Live Virtual Conversation with Mario Van Peebles on THE STORY OF A THREE DAY PASS
Thursday, May 13 at 7:00 PM EDT
Moderated by Ashley Clark, Curatorial Director at the Criterion Collection
This event is free to the public.
Watch live on Film Forum’s YouTube channel.
An actor, director, producer and writer whose 40-year career has been characterized by a commitment to raising consciousness, Mario Van Peebles was born in Mexico and grew up traveling with his parents between Europe and the United States. When he first went to Hollywood, he didn’t like the roles available for people of color, so he “went from being a job seeker to a job creator.” Van Peebles is perhaps best known for the 1991 hit New Jack City, a crime drama that followed the rise and fall of a drug lord during the crack epidemic of the late 1980s. Posse (1993), his next directing-acting turn, brought a rarely seen view of the American West to the big screen by focusing on a group of African-American infantrymen returning from the Spanish-American War. Van Peebles also wrote, directed and acted in the 2003 biopic Baadasssss!, based on the true story of his father, director Melvin Van Peebles, whom he portrays as he struggled to make what became his radical breakthrough film in the early 1970s. Van Peebles has also played the civil rights leaders Stokely Carmichael (in Panther) and Malcolm X (in Ali). More recently, he directed the films USS Indianapolis: Men of Courage (2017) and Armed (2018). Among his television directing credits are 21 Jump Street, Empire, Power, and Superstition.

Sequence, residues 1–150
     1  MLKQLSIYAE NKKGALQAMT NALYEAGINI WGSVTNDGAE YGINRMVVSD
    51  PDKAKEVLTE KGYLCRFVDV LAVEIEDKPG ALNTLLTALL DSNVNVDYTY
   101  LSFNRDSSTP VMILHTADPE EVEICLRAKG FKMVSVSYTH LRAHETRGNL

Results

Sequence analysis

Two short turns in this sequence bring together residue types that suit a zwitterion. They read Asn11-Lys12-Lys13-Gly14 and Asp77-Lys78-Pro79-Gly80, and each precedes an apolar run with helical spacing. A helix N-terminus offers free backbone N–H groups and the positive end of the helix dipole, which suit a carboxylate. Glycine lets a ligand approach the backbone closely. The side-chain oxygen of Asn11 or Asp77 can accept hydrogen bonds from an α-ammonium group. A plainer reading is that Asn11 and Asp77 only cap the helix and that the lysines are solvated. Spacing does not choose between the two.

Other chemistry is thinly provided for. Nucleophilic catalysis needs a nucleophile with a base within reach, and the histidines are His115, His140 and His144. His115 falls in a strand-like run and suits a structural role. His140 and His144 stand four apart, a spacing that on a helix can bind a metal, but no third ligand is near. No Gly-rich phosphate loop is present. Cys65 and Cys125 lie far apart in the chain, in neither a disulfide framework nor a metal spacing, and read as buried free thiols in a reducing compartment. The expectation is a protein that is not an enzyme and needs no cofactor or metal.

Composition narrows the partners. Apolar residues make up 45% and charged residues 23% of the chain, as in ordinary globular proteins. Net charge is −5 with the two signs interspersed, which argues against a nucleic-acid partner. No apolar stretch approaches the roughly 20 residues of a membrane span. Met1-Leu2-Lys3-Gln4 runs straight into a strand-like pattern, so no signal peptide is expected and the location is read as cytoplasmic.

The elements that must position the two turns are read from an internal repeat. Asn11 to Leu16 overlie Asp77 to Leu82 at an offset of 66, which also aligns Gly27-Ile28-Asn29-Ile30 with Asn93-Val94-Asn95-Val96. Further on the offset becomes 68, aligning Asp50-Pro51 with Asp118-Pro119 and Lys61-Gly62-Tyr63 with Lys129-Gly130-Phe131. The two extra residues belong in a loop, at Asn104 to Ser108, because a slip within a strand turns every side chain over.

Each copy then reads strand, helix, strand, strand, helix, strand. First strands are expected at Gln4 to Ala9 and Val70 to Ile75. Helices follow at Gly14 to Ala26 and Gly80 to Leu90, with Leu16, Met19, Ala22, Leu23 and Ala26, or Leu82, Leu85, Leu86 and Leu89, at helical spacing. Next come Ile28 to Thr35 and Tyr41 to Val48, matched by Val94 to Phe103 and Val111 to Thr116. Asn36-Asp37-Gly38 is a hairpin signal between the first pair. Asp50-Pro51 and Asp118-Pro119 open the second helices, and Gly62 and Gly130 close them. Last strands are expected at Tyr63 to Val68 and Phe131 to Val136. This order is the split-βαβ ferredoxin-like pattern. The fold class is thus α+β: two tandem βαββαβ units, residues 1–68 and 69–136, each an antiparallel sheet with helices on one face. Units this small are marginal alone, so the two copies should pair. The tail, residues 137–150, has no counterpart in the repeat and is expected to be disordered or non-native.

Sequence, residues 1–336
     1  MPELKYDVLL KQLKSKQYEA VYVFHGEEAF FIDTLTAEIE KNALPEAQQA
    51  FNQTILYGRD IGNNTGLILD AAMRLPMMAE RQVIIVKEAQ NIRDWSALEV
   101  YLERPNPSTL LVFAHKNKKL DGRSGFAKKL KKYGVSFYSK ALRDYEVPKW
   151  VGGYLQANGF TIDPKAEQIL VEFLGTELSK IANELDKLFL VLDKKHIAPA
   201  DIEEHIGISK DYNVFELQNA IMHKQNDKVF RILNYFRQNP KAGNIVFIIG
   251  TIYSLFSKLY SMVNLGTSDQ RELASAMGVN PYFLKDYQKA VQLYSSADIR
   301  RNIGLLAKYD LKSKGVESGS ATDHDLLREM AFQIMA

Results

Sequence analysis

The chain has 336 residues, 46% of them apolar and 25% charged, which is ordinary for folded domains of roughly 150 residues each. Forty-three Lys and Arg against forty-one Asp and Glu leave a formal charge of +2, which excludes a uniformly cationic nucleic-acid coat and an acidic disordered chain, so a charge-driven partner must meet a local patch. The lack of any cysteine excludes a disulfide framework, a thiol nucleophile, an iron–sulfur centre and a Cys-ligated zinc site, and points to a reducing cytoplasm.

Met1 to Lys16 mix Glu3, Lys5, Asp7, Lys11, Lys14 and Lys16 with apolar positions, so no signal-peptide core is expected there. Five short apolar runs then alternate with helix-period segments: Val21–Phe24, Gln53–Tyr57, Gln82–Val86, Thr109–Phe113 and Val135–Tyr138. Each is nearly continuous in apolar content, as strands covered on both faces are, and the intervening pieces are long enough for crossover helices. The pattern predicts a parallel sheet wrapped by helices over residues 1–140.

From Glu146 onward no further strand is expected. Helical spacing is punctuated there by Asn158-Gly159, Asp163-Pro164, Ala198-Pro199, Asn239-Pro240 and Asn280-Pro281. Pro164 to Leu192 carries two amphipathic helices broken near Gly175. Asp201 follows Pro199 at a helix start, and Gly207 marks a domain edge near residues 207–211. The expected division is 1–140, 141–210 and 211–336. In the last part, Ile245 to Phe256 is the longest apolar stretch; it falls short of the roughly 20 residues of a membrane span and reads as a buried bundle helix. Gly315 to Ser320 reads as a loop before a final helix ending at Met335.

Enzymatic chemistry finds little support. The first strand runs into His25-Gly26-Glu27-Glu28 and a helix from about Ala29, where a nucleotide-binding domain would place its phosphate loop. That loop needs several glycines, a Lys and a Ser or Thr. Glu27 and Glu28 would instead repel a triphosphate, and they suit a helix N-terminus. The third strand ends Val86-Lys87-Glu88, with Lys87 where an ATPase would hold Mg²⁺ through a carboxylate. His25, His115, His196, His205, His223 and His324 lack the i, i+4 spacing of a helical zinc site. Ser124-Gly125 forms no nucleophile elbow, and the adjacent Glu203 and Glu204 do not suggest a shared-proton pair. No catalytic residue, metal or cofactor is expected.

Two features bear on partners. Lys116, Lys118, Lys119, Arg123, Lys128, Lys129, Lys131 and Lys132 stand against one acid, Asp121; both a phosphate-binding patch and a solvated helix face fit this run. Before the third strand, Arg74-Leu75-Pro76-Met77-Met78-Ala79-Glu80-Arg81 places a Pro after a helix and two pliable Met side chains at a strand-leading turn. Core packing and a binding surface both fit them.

The new 4K restoration of THE STORY OF A THREE DAY PASS by IndieCollect was developed in consultation with Mario Van Peebles and made possible with support from the Hollywood Foreign Press.
|Ashley Clark is the curatorial director at the Criterion Collection. Previously, he worked as director of film programming at the Brooklyn Academy of Music, and he has curated film series at BFI Southbank, the Museum of Modern Art, TIFF Bell Lightbox, and the Smithsonian National Museum of African American History & Culture, among other venues. He has contributed writing to publications including The New York Times, Film Comment, Reverse Shot, Sight & Sound, and the Guardian. His first book is Facing Blackness: Media and Minstrelsy in Spike Lee’s “Bamboozled” (2015).|